Pakistani Taliban, Haqqani Network, and al Qaeda operatives targeted in eastern Afghanistan


Sajna Mehsud. (Photo credit: Dawn)

US and Afghan forces are reported to have targeted a group of leaders and operatives from the Pakistan-based Movement of the Taliban in South Waziristan, the Haqqani Network, and al Qaeda, according to reports from the region. At least one senior leader, known as Azam Tariq, is thought to have been killed in the strike.

The airstrike took place in the Laman area of the eastern Afghan province of Paktika on Sept. 24, according to RFE/RL.

Tariq, a former spokesman in the Movement of the Taliban in Pakistan, his son, and two additional leaders from his group were killed along with three unidentified al Qaeda leaders and six operatives, Afghan officials told RFE/RL. The governor of Paktika also said that Haqqani Network members were present during the airstrike.

Paktika: Jihadist haven

The Movement of the Taliban in South Waziristan and al Qaeda are known to have a presence in Paktika province. Paktika abuts the Pakistani tribal agency of South Waziristan, and jihadists move freely across the unmonitored border.

The US hit the Movement of the Taliban in South Waziristan in an airstrike in Paktika in February 2016; 18 of its fighters are reported to have been killed.

The Movement of the Taliban in South Waziristan is a breakaway faction of the Movement of the Taliban in Pakistan. Its leader, Sajna Mehsud, a.k.a. Khan Said, is listed by the US government as a specially designated global terrorists. His forces are known to wage jihad in both Afghanistan and Pakistan. US intelligence officials who track the Taliban and al Qaeda in the Afghanistan-Pakistan region have told The Long War Journal in 2015 that Sajna remains a close ally of al Qaeda. [See LWJ report, US strikes Pakistani Taliban faction in eastern Afghanistan.]

The presence of Sajna’s forces in eastern Paktika is not surprising, as multiple Taliban factions – including the Haqqani Network and al Qaeda – are known to operate there.

Al Qaeda, which is a close ally of the Haqqani Network, a powerful Taliban faction that is entrenched in Paktika, is also known to operate in the province. Just two days ago, General John Nicholson, the commander of NATO forces in Afghanistan, said that the US military is hunting al Qaeda in Paktika and six other provinces in Afghanistan.

In the summer of 2015, two senior al Qaeda leaders were killed by the US in airstrikes in Paktika’s Gomal and Bermal districts.

At the end of July 2015, the US killed Abu Khalil al Sudani, a senior al Qaeda leader who took direction from Ayman al Zawahiri, in an airstrike in Paktika’s Bermal district. Sudani had a hand in al Qaeda’s external operations network, which plots attacks against the US and the West. On Sept. 14, 2015, Afghan intelligence said that it killed an al Qaeda commander known as as Khuram in the Gomal district.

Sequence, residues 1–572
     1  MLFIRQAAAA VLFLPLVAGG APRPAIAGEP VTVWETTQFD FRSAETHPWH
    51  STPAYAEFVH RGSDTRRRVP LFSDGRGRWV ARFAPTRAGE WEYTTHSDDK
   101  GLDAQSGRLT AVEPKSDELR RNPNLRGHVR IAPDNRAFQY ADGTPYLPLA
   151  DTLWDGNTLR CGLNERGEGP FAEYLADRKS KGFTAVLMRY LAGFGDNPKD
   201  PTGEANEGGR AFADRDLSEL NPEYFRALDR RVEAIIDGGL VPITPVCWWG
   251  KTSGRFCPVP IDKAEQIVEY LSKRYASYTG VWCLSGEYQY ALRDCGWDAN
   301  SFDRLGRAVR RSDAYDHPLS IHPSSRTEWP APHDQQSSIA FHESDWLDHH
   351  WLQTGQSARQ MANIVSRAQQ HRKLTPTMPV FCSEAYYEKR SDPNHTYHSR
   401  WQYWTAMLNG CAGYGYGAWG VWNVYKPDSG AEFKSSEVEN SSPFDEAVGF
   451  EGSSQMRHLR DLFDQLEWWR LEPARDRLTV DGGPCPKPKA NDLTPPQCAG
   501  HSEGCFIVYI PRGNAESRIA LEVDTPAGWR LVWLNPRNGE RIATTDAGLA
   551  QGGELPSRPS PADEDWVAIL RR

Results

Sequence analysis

Additionally, al Qaeda is known to have operated a camp in Bermal during the summer of 2015. The raid on the Bermal camp gave the US information on the existence of two other al Qaeda training camps in the Shorabak district in Kandahar province, the outgoing commander of US forces in Afghanistan, General John Campbell, told The Washington Post last year.

US and Afghan special operations forces rescued Ali Haider Gilani, the son of Pakistan’s former prime minister, in a joint raid in May 2016 in Paktika province. Gilani later told reporters that he was held by al Qaeda.

Bill Roggio is a Senior Fellow at the Foundation for Defense of Democracies and the Editor of FDD's Long War Journal.

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  • Arjuna says:

    Pakistan: Jihadist heaven

  • Tired of the Evil says:

    So many enemies to choose from. Even if we left them all alone, their hatred toward non-Muslims would draw everyone into the inevitable. Strike them first. Strike them hard. But then their children would continue the fight. How do you change an entire culture and mind-set? Why do the good ones allow the bad ones to smear their religion? Will there ever be a peace between Muslim and everyone else?

  • Terry says:

    Leave them alone. These are Mafia type organizations that have been militarized, If you take away the source of creating income mainly fighting America, and american allies. They will turn on each other over sharing the opium trade and such. Nature adhorse a vacume. America stand assued that our oceans and soon to be improved Boreder protections will keep us safe .
    Strike them from above and afar. They do not have the means to reach us.


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